“It’s So Hard To Tell Who’s Going To Love You The Best” by Karen Dalton - album review

TJR says

World weary and filled with the blues, this debut set was a real experience for the privileged few who were hip to its’ release. Depression would eventually beat her to a pulp, but this supremely talented Earth Mama was in her artistic prime in 1969. Music was in her bones – her grandmother sang and fiddled – Karen listened to, and learned much from, her. The fiddle was, in fact, her first learned instrument. Like Lead Belly some twenty years before, Karen’s instrument of choice was the 12-string guitar – her blues-inclined picking together with THAT voice [brilliantly described in the reissue liner notes as “a weird ethnic-American mix of cowgirl, mountain lady and urban chick”], truly gave her the firmest of trademarks. The young woman had fled her rural Oklahoma home by the early 1960s; by this time, the half-Cherokee half-Irish beauty had become a mother and a divorcee twice over. She positioned herself in New York; a magnet for hicks intent on developing musical careers. There, she often took the stage at the famous Cafe Wha? on MacDougal Street. A certain Bob Dylan was one of many who fell under her spell at this time. He would later recall: “My favourite singer in the place was Karen Dalton. She had a voice like Billie Holiday’s and played the guitar like Jimmy Reed.” Much of her time was spent in the 60s raising her daughter, Abralyn, and this, together with an in-built lack of motivation and self-belief were probably the biggest factors in the fact that this LP was several years later in the making than it might otherwise have been. Thankfully, there were others around who realised that she had this album in her. She may never have written any of these songs – but, boy oh boy, she sure interpreted them. This LP proves you don’t need slick. You don’t need high production values. You just need raw, natural talents like Karen Dalton.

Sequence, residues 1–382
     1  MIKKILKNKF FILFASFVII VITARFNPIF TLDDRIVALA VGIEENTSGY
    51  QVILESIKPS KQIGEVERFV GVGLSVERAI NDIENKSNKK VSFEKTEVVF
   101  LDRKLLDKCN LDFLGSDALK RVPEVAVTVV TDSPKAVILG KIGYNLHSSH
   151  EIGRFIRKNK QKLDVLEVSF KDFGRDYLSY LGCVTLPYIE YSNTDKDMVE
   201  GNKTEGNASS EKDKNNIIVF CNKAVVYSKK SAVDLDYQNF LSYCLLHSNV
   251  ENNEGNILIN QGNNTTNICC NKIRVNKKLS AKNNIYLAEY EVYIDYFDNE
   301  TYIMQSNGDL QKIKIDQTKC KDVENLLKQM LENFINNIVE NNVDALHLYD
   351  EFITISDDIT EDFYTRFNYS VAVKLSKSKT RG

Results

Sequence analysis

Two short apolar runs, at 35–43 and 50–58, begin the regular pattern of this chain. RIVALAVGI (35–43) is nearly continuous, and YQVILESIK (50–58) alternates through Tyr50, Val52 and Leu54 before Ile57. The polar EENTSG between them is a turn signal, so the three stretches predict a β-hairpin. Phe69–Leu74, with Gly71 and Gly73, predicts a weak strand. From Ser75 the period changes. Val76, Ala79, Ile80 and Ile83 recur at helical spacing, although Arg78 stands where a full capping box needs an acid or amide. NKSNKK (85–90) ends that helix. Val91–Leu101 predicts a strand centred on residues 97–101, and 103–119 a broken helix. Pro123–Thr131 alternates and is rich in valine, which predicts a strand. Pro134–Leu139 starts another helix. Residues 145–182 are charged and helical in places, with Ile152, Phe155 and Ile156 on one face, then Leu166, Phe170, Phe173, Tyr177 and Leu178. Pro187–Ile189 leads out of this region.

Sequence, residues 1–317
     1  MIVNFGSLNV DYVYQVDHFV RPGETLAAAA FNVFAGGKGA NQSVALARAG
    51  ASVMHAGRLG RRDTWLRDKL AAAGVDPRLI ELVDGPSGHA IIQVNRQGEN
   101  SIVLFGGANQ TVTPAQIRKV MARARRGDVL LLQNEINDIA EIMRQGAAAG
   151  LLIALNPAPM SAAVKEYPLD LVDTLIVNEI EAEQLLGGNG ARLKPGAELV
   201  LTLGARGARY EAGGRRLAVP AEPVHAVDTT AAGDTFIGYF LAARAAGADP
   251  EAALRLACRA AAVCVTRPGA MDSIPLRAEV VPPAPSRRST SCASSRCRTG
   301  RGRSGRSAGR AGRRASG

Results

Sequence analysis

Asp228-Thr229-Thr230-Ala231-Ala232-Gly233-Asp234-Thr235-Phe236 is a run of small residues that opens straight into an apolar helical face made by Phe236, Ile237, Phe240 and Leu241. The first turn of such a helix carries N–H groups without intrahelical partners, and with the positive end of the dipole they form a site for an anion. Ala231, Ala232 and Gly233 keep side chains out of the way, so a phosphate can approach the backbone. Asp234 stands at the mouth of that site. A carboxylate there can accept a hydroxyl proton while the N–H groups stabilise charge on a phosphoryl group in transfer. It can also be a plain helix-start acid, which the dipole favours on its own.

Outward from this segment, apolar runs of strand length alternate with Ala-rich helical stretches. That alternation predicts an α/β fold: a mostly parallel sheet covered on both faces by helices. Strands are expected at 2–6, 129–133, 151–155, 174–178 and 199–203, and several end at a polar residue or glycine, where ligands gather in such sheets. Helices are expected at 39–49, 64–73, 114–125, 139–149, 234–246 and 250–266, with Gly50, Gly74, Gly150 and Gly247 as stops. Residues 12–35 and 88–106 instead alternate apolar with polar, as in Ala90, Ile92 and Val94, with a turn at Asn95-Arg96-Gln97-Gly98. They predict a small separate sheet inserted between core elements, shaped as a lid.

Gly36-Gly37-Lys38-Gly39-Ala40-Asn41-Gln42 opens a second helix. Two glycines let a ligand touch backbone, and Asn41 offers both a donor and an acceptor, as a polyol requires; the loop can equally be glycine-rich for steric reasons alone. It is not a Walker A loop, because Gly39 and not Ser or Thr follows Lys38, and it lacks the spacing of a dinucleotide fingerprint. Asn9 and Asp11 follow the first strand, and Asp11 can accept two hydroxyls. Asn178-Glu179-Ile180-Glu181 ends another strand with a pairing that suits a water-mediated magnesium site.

The Jukebox Rebel
16-Mar-2014

A1 [02:30] 8.9.png Karen Dalton - Little Bit Of Rain (Fred Neil) Blues / Rhythm n Blues
A2 [02:40] 7.5.png Karen Dalton - Sweet Substitute (Ferdinand Joseph LaMothe) Blues / Rhythm n Blues
A3 [02:55] 6.1.png Karen Dalton - Ribbon Bow (Huey Prince, Louis Singer) Folk
A4 [03:30] 7.1.png Karen Dalton - I Love You More Than Words Can Say (Eddie Floyd, Booker T. Jones) Blues / Rhythm n Blues
A5 [04:29] 9.4.png Karen Dalton - In The Evening (It’s So Hard To Tell Who’s Going To Love You The Best) (Leroy Carr) Blues / Rhythm n Blues
B1 [03:30] 8.3.png Karen Dalton - Blues On The Ceiling (Fred Neil) Blues / Rhythm n Blues
B2 [03:05] 9.2.png Karen Dalton - It Hurts Me Too (Mel London) Blues / Rhythm n Blues
B3 [02:52] 6.5.png Karen Dalton - How Did The Feeling Feel To You (Tim Hardin) Songwriter
B4 [02:58] 6.0.png Karen Dalton - Right, Wrong Or Ready (Major Wiley) Songwriter
B5 [02:17] 8.7.png Karen Dalton - Down On The Street (Don’t You Follow Me Down) (Traditional, Huddie Ledbetter) Blues / Rhythm n Blues




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